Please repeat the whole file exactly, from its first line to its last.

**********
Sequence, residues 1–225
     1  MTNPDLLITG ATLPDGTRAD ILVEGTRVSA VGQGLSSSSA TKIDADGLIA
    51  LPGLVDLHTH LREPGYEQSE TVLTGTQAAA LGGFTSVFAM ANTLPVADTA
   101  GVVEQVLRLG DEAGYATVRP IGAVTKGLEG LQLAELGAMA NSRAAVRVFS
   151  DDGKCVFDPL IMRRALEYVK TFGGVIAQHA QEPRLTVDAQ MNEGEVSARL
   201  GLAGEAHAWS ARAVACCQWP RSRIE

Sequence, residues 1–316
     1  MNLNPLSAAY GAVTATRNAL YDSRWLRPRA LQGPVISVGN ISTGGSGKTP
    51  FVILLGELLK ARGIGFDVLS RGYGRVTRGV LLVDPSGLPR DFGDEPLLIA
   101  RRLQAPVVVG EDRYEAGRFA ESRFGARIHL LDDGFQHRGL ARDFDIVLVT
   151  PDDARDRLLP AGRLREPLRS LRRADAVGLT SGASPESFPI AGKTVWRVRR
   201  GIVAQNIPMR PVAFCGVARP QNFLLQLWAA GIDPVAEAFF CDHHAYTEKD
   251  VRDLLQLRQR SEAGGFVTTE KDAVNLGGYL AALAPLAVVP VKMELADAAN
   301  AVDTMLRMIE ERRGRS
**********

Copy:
Sequence, residues 1–225
     1  MTNPDLLITG ATLPDGTRAD ILVEGTRVSA VGQGLSSSSA TKIDADGLIA
    51  LPGLVDLHTH LREPGYEQSE TVLTGTQAAA LGGFTSVFAM ANTLPVADTA
   101  GVVEQVLRLG DEAGYATVRP IGAVTKGLEG LQLAELGAMA NSRAAVRVFS
   151  DDGKCVFDPL IMRRALEYVK TFGGVIAQHA QEPRLTVDAQ MNEGEVSARL
   201  GLAGEAHAWS ARAVACCQWP RSRIE

Sequence, residues 1–316
     1  MNLNPLSAAY GAVTATRNAL YDSRWLRPRA LQGPVISVGN ISTGGSGKTP
    51  FVILLGELLK ARGIGFDVLS RGYGRVTRGV LLVDPSGLPR DFGDEPLLIA
   101  RRLQAPVVVG EDRYEAGRFA ESRFGARIHL LDDGFQHRGL ARDFDIVLVT
   151  PDDARDRLLP AGRLREPLRS LRRADAVGLT SGASPESFPI AGKTVWRVRR
   201  GIVAQNIPMR PVAFCGVARP QNFLLQLWAA GIDPVAEAFF CDHHAYTEKD
   251  VRDLLQLRQR SEAGGFVTTE KDAVNLGGYL AALAPLAVVP VKMELADAAN
   301  AVDTMLRMIE ERRGRS